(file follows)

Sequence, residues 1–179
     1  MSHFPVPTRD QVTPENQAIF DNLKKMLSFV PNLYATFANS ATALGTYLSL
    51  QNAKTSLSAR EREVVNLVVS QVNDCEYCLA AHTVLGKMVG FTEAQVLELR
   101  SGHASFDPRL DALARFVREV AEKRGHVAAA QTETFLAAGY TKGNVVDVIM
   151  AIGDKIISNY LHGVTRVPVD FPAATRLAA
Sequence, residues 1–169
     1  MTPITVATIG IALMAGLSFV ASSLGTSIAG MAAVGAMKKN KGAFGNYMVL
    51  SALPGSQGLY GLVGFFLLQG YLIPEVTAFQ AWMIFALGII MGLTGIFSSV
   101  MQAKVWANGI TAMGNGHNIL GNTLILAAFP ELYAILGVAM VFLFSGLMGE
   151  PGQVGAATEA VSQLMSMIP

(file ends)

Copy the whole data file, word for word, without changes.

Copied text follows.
Sequence, residues 1–179
     1  MSHFPVPTRD QVTPENQAIF DNLKKMLSFV PNLYATFANS ATALGTYLSL
    51  QNAKTSLSAR EREVVNLVVS QVNDCEYCLA AHTVLGKMVG FTEAQVLELR
   101  SGHASFDPRL DALARFVREV AEKRGHVAAA QTETFLAAGY TKGNVVDVIM
   151  AIGDKIISNY LHGVTRVPVD FPAATRLAA
Sequence, residues 1–169
     1  MTPITVATIG IALMAGLSFV ASSLGTSIAG MAAVGAMKKN KGAFGNYMVL
    51  SALPGSQGLY GLVGFFLLQG YLIPEVTAFQ AWMIFALGII MGLTGIFSSV
   101  MQAKVWANGI TAMGNGHNIL GNTLILAAFP ELYAILGVAM VFLFSGLMGE
   151  PGQVGAATEA VSQLMSMIP